Steve Horn
Obama Weakens Endangered Species Act
Dave Lindorff
US Propaganda Campaign to Demonize Russia in Full Gear over One-Sided Dutch/Aussie Report on Flight 17 Downing
John W. Whitehead
Uncomfortable Truths You Won’t Hear From the Presidential Candidates
Ramzy Baroud
Shimon Peres: Israel’s Nuclear Man
Brandon Jordan
The Battle for Mercosur
Murray Dobbin
A Globalization Wake-Up Call
Jesse Ventura
Corrupted Science: the DEA and Marijuana
Richard W. Behan
Installing a President by Force: Hillary Clinton and Our Moribund Democracy
Andrew Stewart
The Democratic Plot to Privatize Social Security
Daniel Borgstrom
On the Streets of Oakland, Expressing Solidarity with Charlotte
Marjorie Cohn
President Obama: ‘Patron’ of the Israeli Occupation
Norman Pollack
The “Self-Hating” Jew: A Critique
David Rosen
The Living Body & the Ecological Crisis
Joseph Natoli
Thoughtcrimes and Stupidspeak: Our Assault Against Words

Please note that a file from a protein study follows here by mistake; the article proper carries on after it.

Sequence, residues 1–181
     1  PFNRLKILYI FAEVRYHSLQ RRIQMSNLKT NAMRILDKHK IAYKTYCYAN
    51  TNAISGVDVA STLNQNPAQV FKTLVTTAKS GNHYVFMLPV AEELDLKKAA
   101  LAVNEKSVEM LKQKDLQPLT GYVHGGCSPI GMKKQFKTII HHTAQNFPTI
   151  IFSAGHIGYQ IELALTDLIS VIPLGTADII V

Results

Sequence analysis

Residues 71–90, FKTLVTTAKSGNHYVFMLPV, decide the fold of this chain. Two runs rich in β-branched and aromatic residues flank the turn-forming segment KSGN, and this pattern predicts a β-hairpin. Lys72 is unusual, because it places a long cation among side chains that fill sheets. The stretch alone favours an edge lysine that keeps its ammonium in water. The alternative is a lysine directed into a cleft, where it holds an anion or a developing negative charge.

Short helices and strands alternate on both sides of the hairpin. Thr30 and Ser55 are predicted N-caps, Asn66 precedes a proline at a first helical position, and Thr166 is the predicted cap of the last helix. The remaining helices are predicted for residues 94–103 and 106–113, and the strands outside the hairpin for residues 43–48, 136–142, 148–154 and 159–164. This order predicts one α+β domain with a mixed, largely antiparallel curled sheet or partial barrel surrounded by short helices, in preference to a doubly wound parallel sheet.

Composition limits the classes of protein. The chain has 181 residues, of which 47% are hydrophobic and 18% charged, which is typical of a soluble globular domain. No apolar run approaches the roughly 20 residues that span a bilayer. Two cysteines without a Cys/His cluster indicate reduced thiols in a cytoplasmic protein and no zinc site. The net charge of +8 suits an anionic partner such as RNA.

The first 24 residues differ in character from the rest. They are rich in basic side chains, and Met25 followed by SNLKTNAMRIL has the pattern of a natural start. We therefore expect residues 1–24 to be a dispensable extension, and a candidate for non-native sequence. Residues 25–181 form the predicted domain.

Ron Jacobs
A Cycle of Death Underscored by Greed and a Lust for Power
Uri Avnery
Abu Mazen’s Balance Sheet
Kim Nicolini
Long Drive Home
Louisa Willcox
Tribes Make History with Signing of Grizzly Bear Treaty
Art Martin
The Matrix Around the Next Bend: Facebook, Augmented Reality and the Podification of the Populace
Andre Vltchek
Failures of the Western Left
Ishmael Reed
Millennialism or Extinctionism?
Frances Madeson
Why It’s Time to Create a Cabinet-Level Dept. of Native Affairs
Laura Finley
Presidential Debate Recommendations
José Negroni
Mass Firings on Broadway Lead Singers to Push Back
Leticia Cortez
Entering the Historical Dissonance Surrounding Desafinados
Robert J. Burrowes
Gandhi: ‘My Life is My Message’
Charles R. Larson
Queen Lear? Deborah Levy’s “Hot Milk”
David Yearsley
Bring on the Nibelungen: If Wagner Scored the Debates
FacebookTwitterGoogle+RedditEmail
[i]
[i]
[i]
[i]